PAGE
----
The scheme to balance payday loans would include 'predatory' interest rates

The scheme to balance payday loans would include 'predatory' interest rates ...

LANSING, MI A ballot committee is planning to place a question on the November ballot that would stop payday lenders from charging "predatory" interest rates if approved by voters.

The Michiganders for Fair Lending initiative launched its Wednesday campaign to curb high payday loan interest rates. The group believes it will transform the current payday loan landscape into one that allows the borrower access to small loans, rather than one that creates a debt trap.

Payday lenders target Michigan's most vulnerable communities by offering rapid financing that traps people into an endless cycle of debt with outrageous interest rates, said Michiganders for Fair Lending Spokesperson Josh Hovey.

We're bringing this issue directly to voters this November, states legislators, who have been accused of putting a stop to predatory lending practices.

The typical payday loan in Michigan is equivalent to a 370% annual percentage rate (APR) (Michiganders for Fair Lending's proposal would cap payday loans at no greater than 36% APR).

According to a research from the Consumer Financial Protection Bureau, payday lenders in Michigan repay over 70% of their loans in the same day they paid off a previous loan. This same study found that the average payday loan borrower ends up paying out ten loans over the course of a year.

Dana Nessel of Michigan describes a short-term, high-cost transaction in which customers borrow money for a service fee. This type of loan is called a "deferred presentment service transaction" because the customer's check is held for a period of time before it's cashed. Not like car payments, as lenders aren't able to make installment payments.

Payday loans have a high service fee and a long repayment period. For example, a customer who borrows $100 for two weeks and receives $15 will pay a service fee equal to a triple-digit APR. The actual cost of the two-week loan is $15, which equals a 391 percent APR. And that's still not included additional fees for "eligibility checks."

Customers who fail to repay the loan can take out a second payday loan to pay off the first. Service charges may result in the customer becoming stuck in a cycle of debt.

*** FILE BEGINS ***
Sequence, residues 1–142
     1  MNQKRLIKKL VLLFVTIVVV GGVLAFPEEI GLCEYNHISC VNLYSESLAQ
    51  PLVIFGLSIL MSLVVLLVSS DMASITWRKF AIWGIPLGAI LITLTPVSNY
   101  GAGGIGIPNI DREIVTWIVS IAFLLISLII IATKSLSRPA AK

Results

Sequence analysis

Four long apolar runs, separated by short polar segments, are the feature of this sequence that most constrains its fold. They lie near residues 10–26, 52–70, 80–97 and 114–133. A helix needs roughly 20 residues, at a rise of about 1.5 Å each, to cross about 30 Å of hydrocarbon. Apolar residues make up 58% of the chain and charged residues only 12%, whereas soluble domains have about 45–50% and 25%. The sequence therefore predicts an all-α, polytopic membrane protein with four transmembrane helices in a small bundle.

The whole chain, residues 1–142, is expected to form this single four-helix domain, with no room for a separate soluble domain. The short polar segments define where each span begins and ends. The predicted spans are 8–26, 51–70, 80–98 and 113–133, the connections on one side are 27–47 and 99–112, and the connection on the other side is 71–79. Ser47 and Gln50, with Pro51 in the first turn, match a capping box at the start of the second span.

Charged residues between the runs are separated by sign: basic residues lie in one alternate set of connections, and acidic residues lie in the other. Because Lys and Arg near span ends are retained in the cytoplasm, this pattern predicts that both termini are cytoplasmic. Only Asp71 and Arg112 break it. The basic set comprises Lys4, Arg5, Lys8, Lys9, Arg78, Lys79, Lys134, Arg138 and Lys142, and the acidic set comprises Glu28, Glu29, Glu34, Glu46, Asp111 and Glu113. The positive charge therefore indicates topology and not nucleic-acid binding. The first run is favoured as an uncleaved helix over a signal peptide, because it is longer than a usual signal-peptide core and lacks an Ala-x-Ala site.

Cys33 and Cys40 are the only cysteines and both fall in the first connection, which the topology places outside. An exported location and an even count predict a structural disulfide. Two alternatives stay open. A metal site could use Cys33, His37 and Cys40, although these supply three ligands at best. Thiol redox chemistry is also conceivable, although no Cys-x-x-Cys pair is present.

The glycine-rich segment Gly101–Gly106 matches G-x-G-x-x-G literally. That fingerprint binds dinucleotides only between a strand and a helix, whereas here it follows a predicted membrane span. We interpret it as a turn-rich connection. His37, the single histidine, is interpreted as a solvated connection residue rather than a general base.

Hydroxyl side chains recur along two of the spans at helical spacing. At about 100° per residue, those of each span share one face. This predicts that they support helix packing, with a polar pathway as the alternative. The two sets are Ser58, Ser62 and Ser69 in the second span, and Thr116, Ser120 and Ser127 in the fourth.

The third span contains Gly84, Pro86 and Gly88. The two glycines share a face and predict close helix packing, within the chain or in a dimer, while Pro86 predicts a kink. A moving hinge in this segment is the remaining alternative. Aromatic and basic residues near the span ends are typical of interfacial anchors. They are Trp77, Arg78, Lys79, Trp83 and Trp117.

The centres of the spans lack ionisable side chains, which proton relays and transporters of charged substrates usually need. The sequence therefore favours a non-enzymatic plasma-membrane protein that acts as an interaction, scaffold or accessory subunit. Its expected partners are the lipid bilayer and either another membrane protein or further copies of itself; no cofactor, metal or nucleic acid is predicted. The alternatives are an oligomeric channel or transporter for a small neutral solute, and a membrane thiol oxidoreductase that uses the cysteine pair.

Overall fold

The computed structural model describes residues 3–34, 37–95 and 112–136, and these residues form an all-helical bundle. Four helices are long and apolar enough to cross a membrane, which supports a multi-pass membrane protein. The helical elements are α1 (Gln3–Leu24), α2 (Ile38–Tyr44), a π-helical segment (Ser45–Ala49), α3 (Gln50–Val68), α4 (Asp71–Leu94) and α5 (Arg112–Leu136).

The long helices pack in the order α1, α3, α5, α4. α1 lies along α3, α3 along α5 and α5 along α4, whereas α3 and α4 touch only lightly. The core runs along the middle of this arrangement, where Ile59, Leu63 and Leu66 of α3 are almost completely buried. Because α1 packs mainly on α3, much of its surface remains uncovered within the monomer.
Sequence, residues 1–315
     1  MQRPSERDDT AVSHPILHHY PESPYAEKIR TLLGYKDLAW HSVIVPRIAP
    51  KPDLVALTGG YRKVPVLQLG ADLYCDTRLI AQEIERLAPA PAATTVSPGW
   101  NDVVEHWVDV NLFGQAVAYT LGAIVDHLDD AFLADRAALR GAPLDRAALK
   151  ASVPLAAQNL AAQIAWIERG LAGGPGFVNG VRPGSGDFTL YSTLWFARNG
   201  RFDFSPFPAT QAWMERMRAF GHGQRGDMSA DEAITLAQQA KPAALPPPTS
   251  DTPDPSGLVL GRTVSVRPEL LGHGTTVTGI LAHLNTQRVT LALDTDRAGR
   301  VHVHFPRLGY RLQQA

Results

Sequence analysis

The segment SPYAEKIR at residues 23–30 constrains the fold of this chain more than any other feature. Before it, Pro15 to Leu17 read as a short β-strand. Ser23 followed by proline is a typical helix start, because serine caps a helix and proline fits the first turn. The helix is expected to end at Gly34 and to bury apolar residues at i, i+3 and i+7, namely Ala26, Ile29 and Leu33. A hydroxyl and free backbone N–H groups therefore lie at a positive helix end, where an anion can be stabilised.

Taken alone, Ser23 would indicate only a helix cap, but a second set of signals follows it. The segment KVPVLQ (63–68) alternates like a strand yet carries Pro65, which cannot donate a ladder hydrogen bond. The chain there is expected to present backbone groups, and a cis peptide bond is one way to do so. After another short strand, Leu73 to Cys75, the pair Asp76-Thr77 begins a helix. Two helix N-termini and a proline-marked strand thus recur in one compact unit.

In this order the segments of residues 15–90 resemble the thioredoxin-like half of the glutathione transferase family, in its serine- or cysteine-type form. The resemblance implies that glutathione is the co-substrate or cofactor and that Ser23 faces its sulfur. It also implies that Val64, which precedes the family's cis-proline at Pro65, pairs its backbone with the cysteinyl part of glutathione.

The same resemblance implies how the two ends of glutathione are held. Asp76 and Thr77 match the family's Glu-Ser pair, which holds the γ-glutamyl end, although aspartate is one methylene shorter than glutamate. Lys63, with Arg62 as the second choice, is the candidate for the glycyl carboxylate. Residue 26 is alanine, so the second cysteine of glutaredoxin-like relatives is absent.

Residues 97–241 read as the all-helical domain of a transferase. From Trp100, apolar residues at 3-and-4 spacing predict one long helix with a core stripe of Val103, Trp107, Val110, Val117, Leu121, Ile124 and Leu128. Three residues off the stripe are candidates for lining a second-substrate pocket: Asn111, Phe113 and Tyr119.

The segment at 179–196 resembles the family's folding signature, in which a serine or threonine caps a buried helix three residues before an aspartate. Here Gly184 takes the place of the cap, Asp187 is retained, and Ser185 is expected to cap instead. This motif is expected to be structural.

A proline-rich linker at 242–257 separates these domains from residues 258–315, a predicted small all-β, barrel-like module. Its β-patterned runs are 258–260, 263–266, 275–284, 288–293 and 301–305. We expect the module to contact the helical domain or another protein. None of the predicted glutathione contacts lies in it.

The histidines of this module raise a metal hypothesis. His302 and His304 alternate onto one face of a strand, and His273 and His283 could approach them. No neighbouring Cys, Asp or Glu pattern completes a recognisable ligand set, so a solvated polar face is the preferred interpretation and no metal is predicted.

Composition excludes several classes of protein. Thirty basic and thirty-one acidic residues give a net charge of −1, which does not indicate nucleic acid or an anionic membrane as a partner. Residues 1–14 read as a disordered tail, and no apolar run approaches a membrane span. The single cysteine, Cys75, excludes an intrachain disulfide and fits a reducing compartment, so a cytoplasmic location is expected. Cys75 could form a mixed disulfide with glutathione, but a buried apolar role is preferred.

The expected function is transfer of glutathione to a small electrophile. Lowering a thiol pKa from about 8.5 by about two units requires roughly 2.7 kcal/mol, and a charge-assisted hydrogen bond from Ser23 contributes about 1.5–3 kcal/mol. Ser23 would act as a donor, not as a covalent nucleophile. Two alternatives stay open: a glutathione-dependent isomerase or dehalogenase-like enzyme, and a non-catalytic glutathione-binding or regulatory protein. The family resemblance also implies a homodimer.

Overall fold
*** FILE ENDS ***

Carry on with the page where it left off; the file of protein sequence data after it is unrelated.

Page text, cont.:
In a consumer alert, Nessel said, "It's a slippery slope."

Payday loan stores are undoubtedly predatory, according to Fair lending advocates. Stores employ manipulative techniques and enter customers into a process that creates a cycle of debt that traps people into poverty.

"Stopping predatory lending is an issue in Michigan that resonates across parties, geographic regions, age, and income levels. Even in the divisive climate of today, this is one issue that the vast majority of individuals can agree on," said the policy director of the Community Economic Development Association of Michigan.

"Lenders know they get their money because they get direct access to a borrower's bank account and are able to recoup their own income before the borrower may pay rent, utilities, or food, according to AcMoody. Without funds remaining for basic life expenses, guess what happens?

Gabriella Barthlow, a financial coach for the Macomb County Veterans Service, said she's seen the predatory payday lending process play out with veterans she works with. Military veterans are particularly vulnerable to predatory lending, Barthlow said.

"At a targeted community for predatory lending, it's critical that veterans understand the dangers associated with payday loans, as well as the importance of a 36 percent interest rate cap," Barthlow said.

Many states have used the 36% APR cap, similar to the national Military Lending Act, which established consumer credit protections for active military members. In 2006, the military found that payday lenders established stores near military bases.

After hearing firsthand stories about excessive interest rates that hampered people in financial turmoil, Dallas Lenear of Project Green, a financial education organization established in Grand Rapids, said he was motivated to help with reforming the laws.

Payday lenders are exploiting our most vulnerable communities and neighbors without consumer protections, said Dallas Lenear of Project Green in Grand Rapids. People go to payday lenders because they feel like they have no other choice. They get stuck in a quicksand that keeps them for months and years..

Payday lenders are disproportionately located their stores in rural areas. Statewide, there are 5.6 payday loan stores per 100,000 people. This number is 25% higher in majority-Black communities, according to Lenear.

Michigan would join 18 other states and Washington, D.C., who have set a payday loan rate limit at 36% APR or less. Voters in Nebraska, Colorado, South Dakota, and Montana have adopted payday loan rate caps by ballot measure that all garnered more than 70% voter approval.

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